Bio Roundup: Senate Trumpcare, FDA On Cancer, Alzheimer Review & More

Xconomy National — 

All eyes are on the nation’s capital this week, where the Senate released its version of the American Health Care Act (now called the Better Care Reconciliation Act) and the White House worked on an executive order to address drug prices. No one knows how to pay for high-priced medicines that could bring long-term relief or even cures; we checked with gene therapy maker Bluebird Bio about its latest experimental data and asked officials for their thoughts on pricing. There were plenty more clinical results and FDA news to round up, plus boatloads of startup funding. Let’s get right to it.


—After secret deliberations that kept many of their own healthcare-savvy colleagues in the dark, the Senate GOP released its version of Trumpcare Thursday morning. It proposes to roll back Medicare, just like the House version of the bill, but more slowly. It keeps the Obamacare protections for people with pre-existing medical conditions, unlike the House bill. It raises the ceiling on how much more insurers could charge older people than younger people, same as the House bill. For a comprehensive comparison, click here.

—While much of the healthcare industry’s attention focused on the Senate bill, a separate behind-the-scenes effort was underway to write an executive order on drug prices. Though President Trump has pledged to rein in prices and famously said before his inauguration that drug companies are “getting away with murder,” experts told Kaiser Health News the White House’s draft proposals won’t ease patient costs and are actually “pharma-friendly recommendations.”

—As Thursday ended, biopharma indices were up more than 8 percent for the week.


—New FDA commissioner Scott Gottlieb told Congress that the agency would soon offer new guidance for developers of cancer drugs that are “tumor-agnostic”—that is, based on the underlying genetic profile of the cancer, not the organ or tissue where the tumor is growing. The FDA has already shown openness to the idea with its approval last month of pembrolizumab (Keytruda) for cancers that share certain genetic abnormalities. Gottlieb also sidestepped questions about the Trump administration’s proposal to slash FDA’s budget and raise the fees drug and device makers pay to have their products reviewed.

—The antibiotic delafloxacin (Baxdela) received FDA approval to treat serious skin infections, the first drug approval for New Haven, CT-based Melinta Therapeutics.

Neos Therapeutics received FDA approval for methylphenidate (Cotempla XR-ODT), the Grand Prairie, TX-based company’s extended-release tablet for attention deficit hyperactivity disorder.


—The same researchers who showed in 2014 that the Alzheimer’s drug pipeline had a 99.6 percent failure rate released this week an analysis of the current pipeline. Among their findings: Only a small percentage of Phase 2 drugs are anti-amyloid treatments; current studies are aiming to recruit a “daunting” number of patients; and the slow pace of recruitment is a challenge for drugs that aim to change the underlying course of disease—70 percent of the pipeline.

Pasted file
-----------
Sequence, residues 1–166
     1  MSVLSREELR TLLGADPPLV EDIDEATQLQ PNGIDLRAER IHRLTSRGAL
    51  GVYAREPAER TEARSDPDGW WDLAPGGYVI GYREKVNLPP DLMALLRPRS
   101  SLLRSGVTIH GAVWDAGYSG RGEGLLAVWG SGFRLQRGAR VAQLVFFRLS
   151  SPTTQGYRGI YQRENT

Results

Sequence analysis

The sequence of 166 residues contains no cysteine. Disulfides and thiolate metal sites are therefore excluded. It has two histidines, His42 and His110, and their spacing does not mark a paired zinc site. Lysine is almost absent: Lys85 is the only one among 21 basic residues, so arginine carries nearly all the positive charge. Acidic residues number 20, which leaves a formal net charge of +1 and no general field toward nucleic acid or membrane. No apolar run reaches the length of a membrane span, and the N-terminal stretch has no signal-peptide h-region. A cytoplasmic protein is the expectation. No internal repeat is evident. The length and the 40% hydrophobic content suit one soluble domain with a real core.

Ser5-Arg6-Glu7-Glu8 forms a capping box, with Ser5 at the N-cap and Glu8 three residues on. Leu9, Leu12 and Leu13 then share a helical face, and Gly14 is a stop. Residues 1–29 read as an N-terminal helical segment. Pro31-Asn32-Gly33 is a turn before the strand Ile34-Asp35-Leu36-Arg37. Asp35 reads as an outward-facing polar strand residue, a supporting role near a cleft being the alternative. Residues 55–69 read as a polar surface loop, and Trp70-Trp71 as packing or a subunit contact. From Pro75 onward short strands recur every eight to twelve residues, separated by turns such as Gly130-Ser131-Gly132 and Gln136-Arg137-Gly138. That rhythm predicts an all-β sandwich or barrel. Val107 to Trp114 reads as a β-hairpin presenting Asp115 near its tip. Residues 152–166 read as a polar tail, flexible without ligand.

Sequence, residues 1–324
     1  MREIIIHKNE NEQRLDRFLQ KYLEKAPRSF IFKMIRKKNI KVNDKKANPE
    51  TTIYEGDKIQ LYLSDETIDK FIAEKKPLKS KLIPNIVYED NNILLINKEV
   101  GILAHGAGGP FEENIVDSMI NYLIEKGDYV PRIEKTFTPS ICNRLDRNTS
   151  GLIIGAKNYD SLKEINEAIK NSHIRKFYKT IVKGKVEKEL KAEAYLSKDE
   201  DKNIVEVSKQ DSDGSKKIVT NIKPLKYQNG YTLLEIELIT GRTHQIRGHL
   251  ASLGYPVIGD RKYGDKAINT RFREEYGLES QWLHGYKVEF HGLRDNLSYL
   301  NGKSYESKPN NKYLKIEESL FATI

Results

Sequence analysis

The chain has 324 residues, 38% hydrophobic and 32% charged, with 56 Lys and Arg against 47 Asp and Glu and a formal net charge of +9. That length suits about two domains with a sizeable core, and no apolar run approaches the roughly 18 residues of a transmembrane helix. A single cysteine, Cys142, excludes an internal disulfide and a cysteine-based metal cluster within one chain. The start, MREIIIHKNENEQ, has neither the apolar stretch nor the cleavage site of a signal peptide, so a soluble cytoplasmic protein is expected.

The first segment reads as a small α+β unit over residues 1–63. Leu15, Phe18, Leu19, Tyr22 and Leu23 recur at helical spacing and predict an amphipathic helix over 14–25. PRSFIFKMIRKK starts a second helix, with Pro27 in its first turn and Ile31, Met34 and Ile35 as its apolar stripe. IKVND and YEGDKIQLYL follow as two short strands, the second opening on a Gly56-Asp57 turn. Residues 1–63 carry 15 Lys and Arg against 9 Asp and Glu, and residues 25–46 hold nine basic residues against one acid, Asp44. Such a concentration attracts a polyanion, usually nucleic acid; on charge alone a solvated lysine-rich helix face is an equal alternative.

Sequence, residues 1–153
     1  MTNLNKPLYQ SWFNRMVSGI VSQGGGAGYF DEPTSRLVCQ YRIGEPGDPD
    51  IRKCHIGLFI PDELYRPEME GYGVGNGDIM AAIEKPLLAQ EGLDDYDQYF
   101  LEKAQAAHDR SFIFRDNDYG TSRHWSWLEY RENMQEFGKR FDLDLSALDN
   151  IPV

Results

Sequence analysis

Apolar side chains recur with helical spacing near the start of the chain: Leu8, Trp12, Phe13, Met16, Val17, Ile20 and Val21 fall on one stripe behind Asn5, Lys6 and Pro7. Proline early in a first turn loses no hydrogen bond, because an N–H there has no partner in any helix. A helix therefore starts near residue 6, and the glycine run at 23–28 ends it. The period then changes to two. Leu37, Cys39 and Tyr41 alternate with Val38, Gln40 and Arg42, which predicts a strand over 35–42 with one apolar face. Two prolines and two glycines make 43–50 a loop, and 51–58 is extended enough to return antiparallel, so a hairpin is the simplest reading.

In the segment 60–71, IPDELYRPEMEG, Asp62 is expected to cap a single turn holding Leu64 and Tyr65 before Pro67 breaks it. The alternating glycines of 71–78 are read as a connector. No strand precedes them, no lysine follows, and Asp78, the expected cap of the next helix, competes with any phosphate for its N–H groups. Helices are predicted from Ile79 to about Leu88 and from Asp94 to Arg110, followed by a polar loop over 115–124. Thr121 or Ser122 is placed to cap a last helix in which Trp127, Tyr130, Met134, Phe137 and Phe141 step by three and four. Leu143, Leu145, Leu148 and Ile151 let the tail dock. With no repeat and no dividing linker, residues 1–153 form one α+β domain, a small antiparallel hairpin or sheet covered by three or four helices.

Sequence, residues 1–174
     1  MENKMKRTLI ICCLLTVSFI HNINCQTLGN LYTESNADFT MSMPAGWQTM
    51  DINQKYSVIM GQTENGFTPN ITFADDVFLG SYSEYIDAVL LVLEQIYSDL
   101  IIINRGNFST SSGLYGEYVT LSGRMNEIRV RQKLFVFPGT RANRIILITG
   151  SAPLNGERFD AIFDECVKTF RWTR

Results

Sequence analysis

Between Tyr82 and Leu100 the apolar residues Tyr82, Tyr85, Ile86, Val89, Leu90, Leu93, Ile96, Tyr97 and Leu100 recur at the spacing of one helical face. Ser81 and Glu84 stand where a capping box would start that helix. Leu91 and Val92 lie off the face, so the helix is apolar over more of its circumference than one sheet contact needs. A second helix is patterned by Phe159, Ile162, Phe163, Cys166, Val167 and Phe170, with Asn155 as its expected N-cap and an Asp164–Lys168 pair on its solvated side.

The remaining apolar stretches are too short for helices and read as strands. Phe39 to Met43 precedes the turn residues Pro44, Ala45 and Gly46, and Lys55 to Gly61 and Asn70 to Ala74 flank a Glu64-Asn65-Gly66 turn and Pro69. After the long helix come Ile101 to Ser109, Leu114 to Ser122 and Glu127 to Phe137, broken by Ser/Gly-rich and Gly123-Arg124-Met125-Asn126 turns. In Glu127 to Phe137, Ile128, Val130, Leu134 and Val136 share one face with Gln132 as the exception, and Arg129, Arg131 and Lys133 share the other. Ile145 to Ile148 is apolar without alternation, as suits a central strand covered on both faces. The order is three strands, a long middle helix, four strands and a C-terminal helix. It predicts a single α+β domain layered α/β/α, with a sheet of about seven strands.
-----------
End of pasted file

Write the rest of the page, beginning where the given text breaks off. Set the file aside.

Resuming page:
—Bothell, WA-based Seattle Genetics (NASDAQ: SGEN) stopped a Phase 3 study of its acute myeloid leukemia drug after more patients died in the treatment arm than in the control group. The FDA has halted all trials involving the drug, according to a regulatory filing.

—Clovis Oncology (NASDAQ: CLVS) of Boulder, CO, reported Monday that rucaparib (Rubraca), already approved to treat ovarian cancer driven by the BRCA mutation, might also help women regardless of genetic profile. The firm will use its Phase 3 data to ask the FDA for the wider approval.

—Regeneron Pharmaceuticals (NASDAQ: REGN) of Tarrytown, NY, took a hit from Novartis, whose experimental drug to treat the eye disease AMD worked just as well as Regeneron’s aflibercept (Eylea) but required fewer injections in more than half the patients in head-to-head studies.

—Bluebird Bio (NASDAQ: BLUE) said the first results from its revamped LentiGlobin gene therapy product showed an improvement over the old process in a Phase 3 beta-thalassemia study, but the sample size was tiny: one patient on treatment for six months and two other patients for only two and three months.

Nature Methods noted that study results it published on May 30, describing higher than expected off-target edits in a CRISPR-Cas9 gene editing experiment in mice, had attracted criticism, and that the journal editors were working on a response. The study, published as a letter to the editor, attracted a storm of criticism from companies developing CRISPR-Cas9 medicines and academics in the gene-editing field.


—Rubius Therapeutics of Cambridge, MA, reeled in $120 million in Series B funding to bring its engineered red blood cells into clinical trials as treatments for enzyme disorders and possibly other diseases.

—Cambridge-based Sigilon Therapeutics raised $23.5 million to finance clinical trials of an encapsulation technology that keeps the immune system from recognizing biological drugs as foreign bodies.

—Syntimmune landed $50 million in a Series B round. It aims to start clinical trials for two rare autoimmune disorders soon.

—Repare Therapeutics emerged from stealth with a $68 million Series A round that the company, split between Boston and Montreal, will use to discover drugs that fight cancer by disrupting tumor repair mechanisms.

—Jorge Conde joined the biotech side of Silicon Valley venture firm Andreessen Horowitz. Conde was previously an executive at Syros Pharmaceuticals and cofounder of genomics firm Knome.

U.S. map image from Dave Winer via Creative Commons 2.0.

Frank Vinluan contributed to this report.